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La Moneda, Chile's presidential palace in Santiago, is bombed by the nation's armed forces on September 11, 1973. Salvador Allende, the country's democratically elected socialist president, died during the U.S.-backed coup that brought to power Augusto Pinochet, who imposed neoliberalism through military dictatorship. (Photo: Bettmann via Getty Images)

La Moneda, Chile's presidential palace in Santiago, is bombed by the nation's armed forces on September 11, 1973. Salvador Allende, the country's democratically elected socialist president, died during the U.S.-backed coup that brought to power Gen. Augusto Pinochet, who imposed neoliberalism through military dictatorship. (Photo: Bettmann via Getty Images)

'The Other 9/11': Progressives Remember Allende's Chile

"On this day in 1973, Salvador Allende's democratically elected socialist government was overthrown in a military coup led by the U.S.-backed fascist Augusto Pinochet."

Kenny Stancil

As people reflect on the 20th anniversary of the September 11, 2001 attacks, progressives drew attention to another horrifying event less well-known in the U.S. but referred to elsewhere as "the other 9/11": the bombing of Chile's presidential palace on September 11, 1973 by the nation's armed forces during a right-wing coup supported by Washington and other capitalist regimes.

Salvador Allende, Chile's democratically elected socialist president, died during the assault on La Moneda in Santiago, which brought to power Gen. Augusto Pinochet, whose brutal military junta imposed neoliberalism through deadly force, torture, and the "disappearance" of thousands of leftists. Despite its awareness of Pinochet's human rights abuses, including his execution of political opponents, the U.S. continued to support the pro-market dictator during his bloody, 17-year-long reign.

"On this day in 1973, Salvador Allende's democratically elected socialist government was overthrown in a military coup led by the U.S.-backed fascist Augusto Pinochet," Progressive International, a global coalition of social justice groups fighting for a more egalitarian and sustainable world, said Saturday on social media.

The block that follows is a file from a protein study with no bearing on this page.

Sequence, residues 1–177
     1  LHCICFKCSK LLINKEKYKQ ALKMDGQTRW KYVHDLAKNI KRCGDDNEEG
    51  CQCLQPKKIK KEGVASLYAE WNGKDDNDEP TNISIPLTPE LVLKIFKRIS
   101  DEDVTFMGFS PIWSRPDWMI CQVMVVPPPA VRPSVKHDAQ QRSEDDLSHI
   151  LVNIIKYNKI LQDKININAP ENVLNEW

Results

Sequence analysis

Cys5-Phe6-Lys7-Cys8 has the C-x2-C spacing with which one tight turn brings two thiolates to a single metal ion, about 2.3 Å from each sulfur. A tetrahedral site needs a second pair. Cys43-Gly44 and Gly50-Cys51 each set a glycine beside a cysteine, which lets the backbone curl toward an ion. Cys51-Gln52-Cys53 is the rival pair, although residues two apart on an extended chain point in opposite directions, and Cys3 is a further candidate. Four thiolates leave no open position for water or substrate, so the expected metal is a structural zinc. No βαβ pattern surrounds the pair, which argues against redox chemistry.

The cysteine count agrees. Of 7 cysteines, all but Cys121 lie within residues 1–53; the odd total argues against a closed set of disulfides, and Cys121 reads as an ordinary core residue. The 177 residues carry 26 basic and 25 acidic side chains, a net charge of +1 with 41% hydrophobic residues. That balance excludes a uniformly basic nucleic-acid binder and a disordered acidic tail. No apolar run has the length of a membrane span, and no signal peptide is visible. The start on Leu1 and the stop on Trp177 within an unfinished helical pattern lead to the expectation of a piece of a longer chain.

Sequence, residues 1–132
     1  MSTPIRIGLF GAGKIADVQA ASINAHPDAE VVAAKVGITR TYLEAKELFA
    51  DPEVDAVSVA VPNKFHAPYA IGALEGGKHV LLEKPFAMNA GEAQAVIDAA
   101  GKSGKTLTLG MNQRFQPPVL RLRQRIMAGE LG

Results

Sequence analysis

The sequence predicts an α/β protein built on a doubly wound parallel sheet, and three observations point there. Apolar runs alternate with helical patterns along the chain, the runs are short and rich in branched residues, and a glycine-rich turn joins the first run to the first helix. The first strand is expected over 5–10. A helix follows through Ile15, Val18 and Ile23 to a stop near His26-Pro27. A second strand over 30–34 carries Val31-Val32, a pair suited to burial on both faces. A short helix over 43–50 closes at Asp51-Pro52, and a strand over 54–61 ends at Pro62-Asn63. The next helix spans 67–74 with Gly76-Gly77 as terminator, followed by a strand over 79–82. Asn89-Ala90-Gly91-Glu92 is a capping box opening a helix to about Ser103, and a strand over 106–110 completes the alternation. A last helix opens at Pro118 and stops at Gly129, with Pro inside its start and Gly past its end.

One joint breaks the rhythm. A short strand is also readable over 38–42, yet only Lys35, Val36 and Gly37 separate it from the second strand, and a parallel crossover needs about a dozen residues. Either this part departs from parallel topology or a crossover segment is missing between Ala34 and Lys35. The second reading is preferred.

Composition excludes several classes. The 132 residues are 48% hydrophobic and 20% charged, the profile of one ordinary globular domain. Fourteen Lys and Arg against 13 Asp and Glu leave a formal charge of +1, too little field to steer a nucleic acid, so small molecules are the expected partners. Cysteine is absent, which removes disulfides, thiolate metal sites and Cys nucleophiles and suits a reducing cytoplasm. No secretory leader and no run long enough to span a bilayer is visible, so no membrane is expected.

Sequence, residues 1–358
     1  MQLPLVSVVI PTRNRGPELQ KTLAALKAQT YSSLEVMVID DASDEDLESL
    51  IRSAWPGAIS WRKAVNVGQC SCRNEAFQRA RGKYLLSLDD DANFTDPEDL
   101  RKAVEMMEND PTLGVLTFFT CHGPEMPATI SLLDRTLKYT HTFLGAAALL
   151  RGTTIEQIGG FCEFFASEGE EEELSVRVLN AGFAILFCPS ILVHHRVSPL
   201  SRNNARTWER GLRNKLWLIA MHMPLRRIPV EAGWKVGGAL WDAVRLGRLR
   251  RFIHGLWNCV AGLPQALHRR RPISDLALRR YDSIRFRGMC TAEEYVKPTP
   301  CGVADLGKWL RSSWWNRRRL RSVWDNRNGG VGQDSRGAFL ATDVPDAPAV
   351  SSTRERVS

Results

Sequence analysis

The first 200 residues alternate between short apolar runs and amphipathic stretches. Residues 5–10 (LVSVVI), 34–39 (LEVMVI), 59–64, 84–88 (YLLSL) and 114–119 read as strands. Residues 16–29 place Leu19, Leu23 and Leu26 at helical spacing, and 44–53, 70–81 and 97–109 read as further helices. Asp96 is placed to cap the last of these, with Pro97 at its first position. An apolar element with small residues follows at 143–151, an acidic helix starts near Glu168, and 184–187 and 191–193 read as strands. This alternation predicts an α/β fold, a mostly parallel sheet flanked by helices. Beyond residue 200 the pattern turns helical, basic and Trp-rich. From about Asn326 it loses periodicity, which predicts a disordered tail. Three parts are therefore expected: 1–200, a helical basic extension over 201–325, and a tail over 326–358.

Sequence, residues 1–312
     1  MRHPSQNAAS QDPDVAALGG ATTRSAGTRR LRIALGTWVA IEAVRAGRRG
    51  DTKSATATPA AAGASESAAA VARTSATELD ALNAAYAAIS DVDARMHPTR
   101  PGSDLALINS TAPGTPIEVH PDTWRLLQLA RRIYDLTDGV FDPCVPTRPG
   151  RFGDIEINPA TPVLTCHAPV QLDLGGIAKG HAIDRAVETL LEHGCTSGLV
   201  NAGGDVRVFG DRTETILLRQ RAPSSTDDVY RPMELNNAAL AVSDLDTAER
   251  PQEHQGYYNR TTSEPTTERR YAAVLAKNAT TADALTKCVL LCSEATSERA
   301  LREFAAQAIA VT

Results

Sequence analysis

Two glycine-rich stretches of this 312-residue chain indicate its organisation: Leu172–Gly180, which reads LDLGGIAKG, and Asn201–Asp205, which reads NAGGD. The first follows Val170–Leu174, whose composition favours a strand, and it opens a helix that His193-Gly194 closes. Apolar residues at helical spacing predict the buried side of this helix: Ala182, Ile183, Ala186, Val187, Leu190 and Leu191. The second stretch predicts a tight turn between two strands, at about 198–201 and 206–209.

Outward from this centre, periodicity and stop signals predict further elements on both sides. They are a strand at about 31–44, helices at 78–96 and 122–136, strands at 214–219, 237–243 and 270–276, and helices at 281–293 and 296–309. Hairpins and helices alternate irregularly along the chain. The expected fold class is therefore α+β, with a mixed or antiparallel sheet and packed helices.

Journalist Alan Macleod pointed out that "Chile would be ruled by a gruesome fascist dictatorship for decades, the scars of which are still very fresh."

"But people in the West," MacLeod argued, "are largely insulated from the realities of empire thanks to a pliant media, which never shows you the effect of the bombs, sanctions, coups, etc."

Progressive International noted that "Allende was elected Chile's first socialist president in 1970 as the candidate of Popular Unity, a socialist-communist coalition. He quickly went to work reorganizing the society he inherited, characterized by poverty and confined by the greed of international corporations."

The organization highlighted some of what the Popular Unity government accomplished during its three years in power:

The Allende government nationalized Chile's foreign-owned copper industry, which was responsible for 75% of exports. Rather than compensate the former owners, Allende sought payment for the unfairly extracted resource. He did not stop with copper.

In its first year, the government nationalized 91 industries, redistributed 5.5 [million] acres of land, granted wage rises to the working class, and built quality homes for the poor.

Allende hoped to build a sovereign, developed, democratic, and humane nation—and one whose foreign policy was built on principles of friendship.

The democratic socialist alternative pursued in Chile, however, "was intolerable to the forces of empire," Progressive International added. "Fearing that Allende would set a good example for other nations to follow, U.S. President Richard Nixon ordered the Central Intelligence Agency to 'make the economy scream,'" in an effort to bring down the Popular Unity government.